Unfortunately I also have to use Microsoft Teams which feels like the unloved child of Slack and Skype – There's not even an official client for that on Linux, and so I use an unoffcial Teams wrapper app that at least makes it possible to quickly set up calls, even though it is very buggy as well.

After my experiment with the Razer Blade Stealth proved somewhat successful (meaning I was sure I could survive on Windows/Linux without missing MacOS too much), it was about time to replace my Desktop computer as well.

First of all, why having a desktop at all in 2019, aren't Notebooks good enough? Well, yes and no. I just could have gotten a big screen and for a while I was doing just that with the Razer. The reasons why I wanted to replace my trusty Mid 2011 iMac with a new desktop are:

  • Just that tiny bit more power and storage space
  • More room to have a quieter thermal design (Something Apple's iMacs are somewhat good at, but we're getting to that)
  • More connectivity, specifically for my music gear

I've been surveying the market for a while now and while I did play with the thought of waiting for the MacPro or go with a new iMac, my overall positive experience with Windows and Linux with the Razer made me look at other alternatives. The cool thing about the PC market is that it's still really diverse, with catering to many vastly different needs. For example, you can get a tricked out gaming PC with water cooling for CPU and graphics card that will be quite expensive but will also be a beast performance wise, while you can also get very cheap, quiet and compact relatively low performance mini PCs that will do the job for the usual office work.

My performance requirements are somewhere in the middle there.

A wishlist

  • I wanted to have a rather decent graphics card, mostly to be able to drive a 4k display, but also to throw in the odd game and for that little bit of 3d modelling that I do.
  • I also wanted a CPU that would at least be in the same region as the Razer Blade Stealth one, probably better, to have a little more headroom for VM's or the odd web project build process.
  • I also wanted to have something that's considerably quieter than the Razer Blade Stealth is (when the fans spin up)
  • Extensibility would also not hurt, of course.

The other cool thing about the PC market is that you're not restricted to the big shots like Dell, HP etc. to buy from.

Rate my Setup

And so I bought my new PC from a small german vendor specializing in silent machines, Silentmaxx. I won't bore you with the full specs of this machine, but it's a current Intel i5, 16 GB of RAM, a 1TB SSD and has a GeForce GTX 1050 Ti graphics card. Not that that means anything to me. The cool thing about this machine is that it came with exactly zero moving parts (like fans or spinning disks), both the CPU and the GPU come with huge passive coolers.

I've since mounted a 2TB hard drive I had lying around into a thing called a HD Silencer which makes this the very quiet loudest part of this computer. If there's any additional noise in this room (music, the dishwasher from the kitchen, anything, really, the computer is impossible to hear. And I can't say how much I love it.

One thing that my PC doesn't have, and I'm not sure if that's going to be a problem down the line is a thunderbolt/USB-C interface. As far as I know my mainboard is Thunderbolt capable, it just needs an extra extension card to expose that.

I've since added an AOC U2777PQU 27” 4K monitor to the setup and with that I am almost done with the migration. One thing I want to add at some point is a better, more modern soundcard, but that has time.

In conclusion

I'll still keep my MacBookPro for now as I sometimes need to test Mac software for one of my gigs, but right now, even though the Windows/Linux world isn't perfect, I'm quite happy. This is by no means a decision for eternity (nothing in computing is, obviously) but if Apple doesn't radically change their approach to general purpose computing hardware, I can't see me changing back to a Mac any time soon. That being said, that has happened before, so we'll see.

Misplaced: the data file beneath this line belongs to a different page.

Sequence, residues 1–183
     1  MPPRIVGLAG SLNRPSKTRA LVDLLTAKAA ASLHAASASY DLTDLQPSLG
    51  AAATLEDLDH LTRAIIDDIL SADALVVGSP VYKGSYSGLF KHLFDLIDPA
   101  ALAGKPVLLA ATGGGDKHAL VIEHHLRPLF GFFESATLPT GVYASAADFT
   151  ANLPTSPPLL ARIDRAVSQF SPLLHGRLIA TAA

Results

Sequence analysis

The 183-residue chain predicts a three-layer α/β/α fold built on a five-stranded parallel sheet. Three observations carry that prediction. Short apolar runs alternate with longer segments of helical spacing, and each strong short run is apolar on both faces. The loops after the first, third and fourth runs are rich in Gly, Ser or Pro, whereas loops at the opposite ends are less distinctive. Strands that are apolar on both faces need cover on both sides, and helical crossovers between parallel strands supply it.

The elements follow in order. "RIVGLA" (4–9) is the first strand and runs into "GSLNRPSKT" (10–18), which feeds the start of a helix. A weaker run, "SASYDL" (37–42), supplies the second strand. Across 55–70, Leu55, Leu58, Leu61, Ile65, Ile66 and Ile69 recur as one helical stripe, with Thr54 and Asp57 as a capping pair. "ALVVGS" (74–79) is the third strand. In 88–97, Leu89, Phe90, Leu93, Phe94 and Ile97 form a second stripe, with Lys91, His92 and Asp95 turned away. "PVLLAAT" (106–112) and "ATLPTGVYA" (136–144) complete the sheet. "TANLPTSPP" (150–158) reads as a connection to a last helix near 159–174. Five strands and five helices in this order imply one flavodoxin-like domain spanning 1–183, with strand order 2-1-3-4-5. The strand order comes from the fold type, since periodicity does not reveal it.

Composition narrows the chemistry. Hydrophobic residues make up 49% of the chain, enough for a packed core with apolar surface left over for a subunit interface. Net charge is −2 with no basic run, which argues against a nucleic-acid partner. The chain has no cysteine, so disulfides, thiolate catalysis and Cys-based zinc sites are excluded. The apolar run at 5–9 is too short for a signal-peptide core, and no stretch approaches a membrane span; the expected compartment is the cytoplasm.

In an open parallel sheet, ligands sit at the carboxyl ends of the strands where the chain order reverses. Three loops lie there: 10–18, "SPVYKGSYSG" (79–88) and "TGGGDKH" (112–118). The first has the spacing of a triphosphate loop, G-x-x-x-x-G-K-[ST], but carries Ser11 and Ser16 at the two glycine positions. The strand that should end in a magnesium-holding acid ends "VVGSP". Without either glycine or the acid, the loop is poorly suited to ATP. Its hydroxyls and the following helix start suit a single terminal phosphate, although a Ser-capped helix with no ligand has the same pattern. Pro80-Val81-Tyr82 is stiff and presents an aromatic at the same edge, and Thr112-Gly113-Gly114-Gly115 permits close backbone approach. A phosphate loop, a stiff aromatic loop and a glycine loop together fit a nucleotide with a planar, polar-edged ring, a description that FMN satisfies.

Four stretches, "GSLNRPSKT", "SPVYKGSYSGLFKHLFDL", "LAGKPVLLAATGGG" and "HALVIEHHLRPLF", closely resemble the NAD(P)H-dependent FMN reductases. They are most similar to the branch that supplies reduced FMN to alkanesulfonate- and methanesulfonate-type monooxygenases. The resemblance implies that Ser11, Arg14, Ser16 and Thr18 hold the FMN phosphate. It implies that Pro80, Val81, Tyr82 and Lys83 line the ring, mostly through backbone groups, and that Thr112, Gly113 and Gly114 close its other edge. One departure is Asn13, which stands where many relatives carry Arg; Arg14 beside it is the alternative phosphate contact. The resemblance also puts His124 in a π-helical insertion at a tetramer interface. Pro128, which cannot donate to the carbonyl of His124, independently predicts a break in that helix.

All in all, including the monitor and other things like a new Keyboard-/Mouse combo, I've now roughly spent 4000 EUR for my new setup with a powerful laptop and an equally powerful, silent desktop. That's not too shabby.

I always used to be a strong proponent of automation. My line of thinking was: If a task can be automated, it must be somewhat unpleasant to do manually. And I still think that this argument fundamentally holds true. Nobody likes to paint 100 cars a day. Nobody likes to sort metal out of trash. (So, yes, I'm not talking developer automation here, a field in which I co-founded a company, we'll get to that later), etc.

I was also aware that the so-called automation dividend wasn't shared fairly between the owners of the means of production and the workers who now have to do less, or lost their jobs. Quite the opposite – The increasing wealth gap in first world countries is at least partially a function of that unfair share the already rich are putting in their pockets. The oh-so-successful german export industry for example, is mainly built on wages that have more or less been stagnant (in relation to increase in cost of living) for decades.

Sorry, I didn't know better

So, I was aware of all that and still, people who fought against very obvious automations always annoyed me. I had a discussion with a friend of my late father once, who basically, before he finally retired a couple of years back, lost his job at least twice. He was a typesetter until that was not a thing anymore (replaced, finally for good, when DTP became viable) then became a printer and his job once again was replaced as the dominant printing method changed. That being said, he was able to go with the times and work until his retirement. He was very much an opponent of automation for automation's sake and he had good arguments, too. But for me, it didn't make sense. Printers (the human kind) are often plagued with all sorts of illnesses connected to the toxic ingredients in paint (and thinners and everything) and the less humans have to get in contact with these things, the better. Right?

Two tweets from Marijn Haverbeke finally brought me the epiphany I needed: